What it is:
Vertical integration describes a company's control over several or all of the production and/or distribution steps involved in the creation of its product or service.
How it works (Example):
Let's assume XYZ Company, which manufactures frozen french fries, wants to vertically integrate. By purchasing a potato farm and a potato processing plant, XYZ could engage in upstream integration (also known as backward integration) and control the quantity, cost, and quality of the product's raw materials. Likewise, XYZ Company could engage in downstream integration (also known as forward integration) to control the distribution of the company's products by purchasing a packaging plant and a fleet of delivery trucks. Ultimately, XYZ could also use balanced integration, which incorporates both upstream and downstream integration, to control the cost and quality of the entire production and distribution process.
Why it Matters:
One of the biggest advantages of vertical integration is that it often creates economies of scale and lowers production costs because it eliminates many of the price markups in each production step. Vertically integrated companies also achieve cost efficiencies by controlling quality at each step, which reduces repair costs, returns, and downtime. In addition, vertically-integrated companies do not have to allocate resources to pricing, contracting, paying, and coordinating with third-party vendors.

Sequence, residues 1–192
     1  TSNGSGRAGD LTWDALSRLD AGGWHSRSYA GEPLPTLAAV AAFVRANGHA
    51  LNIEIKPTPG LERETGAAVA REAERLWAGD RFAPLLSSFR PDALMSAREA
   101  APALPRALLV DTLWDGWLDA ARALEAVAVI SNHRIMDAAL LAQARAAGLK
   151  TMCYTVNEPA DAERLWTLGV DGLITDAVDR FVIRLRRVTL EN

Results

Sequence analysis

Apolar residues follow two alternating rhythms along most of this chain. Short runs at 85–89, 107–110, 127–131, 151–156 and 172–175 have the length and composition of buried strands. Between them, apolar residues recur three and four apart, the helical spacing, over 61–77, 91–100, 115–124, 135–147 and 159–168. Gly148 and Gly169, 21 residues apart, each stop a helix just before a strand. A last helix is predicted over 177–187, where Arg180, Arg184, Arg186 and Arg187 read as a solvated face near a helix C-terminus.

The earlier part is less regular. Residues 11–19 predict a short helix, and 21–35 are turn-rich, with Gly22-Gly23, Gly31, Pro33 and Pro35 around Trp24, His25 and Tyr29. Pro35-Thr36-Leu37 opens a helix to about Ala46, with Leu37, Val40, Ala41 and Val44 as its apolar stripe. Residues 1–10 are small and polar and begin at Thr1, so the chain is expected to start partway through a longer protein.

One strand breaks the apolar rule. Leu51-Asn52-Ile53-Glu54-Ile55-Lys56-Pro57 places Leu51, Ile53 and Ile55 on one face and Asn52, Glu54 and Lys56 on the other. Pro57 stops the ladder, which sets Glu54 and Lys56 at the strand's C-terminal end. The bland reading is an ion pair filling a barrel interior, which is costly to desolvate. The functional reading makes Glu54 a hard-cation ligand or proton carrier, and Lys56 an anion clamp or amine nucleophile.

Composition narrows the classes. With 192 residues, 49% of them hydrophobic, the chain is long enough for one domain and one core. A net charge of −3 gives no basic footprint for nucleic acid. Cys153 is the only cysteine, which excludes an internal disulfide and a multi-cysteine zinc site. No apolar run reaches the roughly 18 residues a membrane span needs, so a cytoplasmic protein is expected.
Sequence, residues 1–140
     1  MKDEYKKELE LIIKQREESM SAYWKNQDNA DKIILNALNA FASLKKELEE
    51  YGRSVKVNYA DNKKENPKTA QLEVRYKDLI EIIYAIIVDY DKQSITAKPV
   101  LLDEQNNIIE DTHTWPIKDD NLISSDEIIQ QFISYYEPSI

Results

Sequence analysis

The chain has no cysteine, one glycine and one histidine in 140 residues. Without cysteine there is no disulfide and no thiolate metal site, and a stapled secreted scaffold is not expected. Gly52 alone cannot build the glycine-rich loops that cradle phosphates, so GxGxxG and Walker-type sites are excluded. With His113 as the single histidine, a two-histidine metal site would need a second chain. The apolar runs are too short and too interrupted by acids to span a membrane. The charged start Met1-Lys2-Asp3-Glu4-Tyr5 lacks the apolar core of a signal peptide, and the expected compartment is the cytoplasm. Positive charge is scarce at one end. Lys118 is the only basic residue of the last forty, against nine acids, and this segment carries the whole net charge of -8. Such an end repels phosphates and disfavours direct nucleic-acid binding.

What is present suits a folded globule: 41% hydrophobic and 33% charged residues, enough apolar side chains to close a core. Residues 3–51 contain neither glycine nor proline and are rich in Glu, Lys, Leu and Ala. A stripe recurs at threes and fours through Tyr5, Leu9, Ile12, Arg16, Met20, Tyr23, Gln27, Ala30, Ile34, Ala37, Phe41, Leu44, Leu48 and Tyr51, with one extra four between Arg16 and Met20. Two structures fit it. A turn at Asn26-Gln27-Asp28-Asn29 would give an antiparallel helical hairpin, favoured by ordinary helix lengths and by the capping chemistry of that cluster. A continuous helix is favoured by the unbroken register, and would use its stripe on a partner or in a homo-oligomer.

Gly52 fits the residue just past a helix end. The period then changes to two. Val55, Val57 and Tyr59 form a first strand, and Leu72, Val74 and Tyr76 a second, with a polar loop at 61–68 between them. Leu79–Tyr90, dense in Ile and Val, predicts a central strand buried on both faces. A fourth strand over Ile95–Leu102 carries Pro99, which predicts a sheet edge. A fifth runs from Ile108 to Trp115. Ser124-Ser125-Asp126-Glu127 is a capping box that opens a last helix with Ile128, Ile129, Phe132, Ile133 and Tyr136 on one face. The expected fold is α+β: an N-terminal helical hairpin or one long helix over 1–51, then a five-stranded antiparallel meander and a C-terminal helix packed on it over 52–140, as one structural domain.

Vertical integration can ultimately create barriers to entry for potential competitors, especially if the company controls access to some or all of a scare resource involved in production. This is why in some cases a company may control so much of the market or supply of raw materials that vertical integration can raise antitrust concerns.
A company must have expertise in each step of the production and distribution process in order to maximize the advantages of vertical integration. Using the example above, XYZ Company must know how to farm potatoes as well as it knows how to manufacture french fries. Another considerable risk is that XYZ will need to modify its infrastructure significantly to accommodate technological changes and other industry innovations. This investment in infrastructure can be very expensive and limit the company's flexibility. By controlling the value chain, the company also becomes responsible for innovation and product variety.
To simulate some aspects of vertical integration without explicitly doing so, companies may wish to sign long-term contracts with certain suppliers, co-locate facilities with suppliers or distributors, or engage in joint ventures with production partners.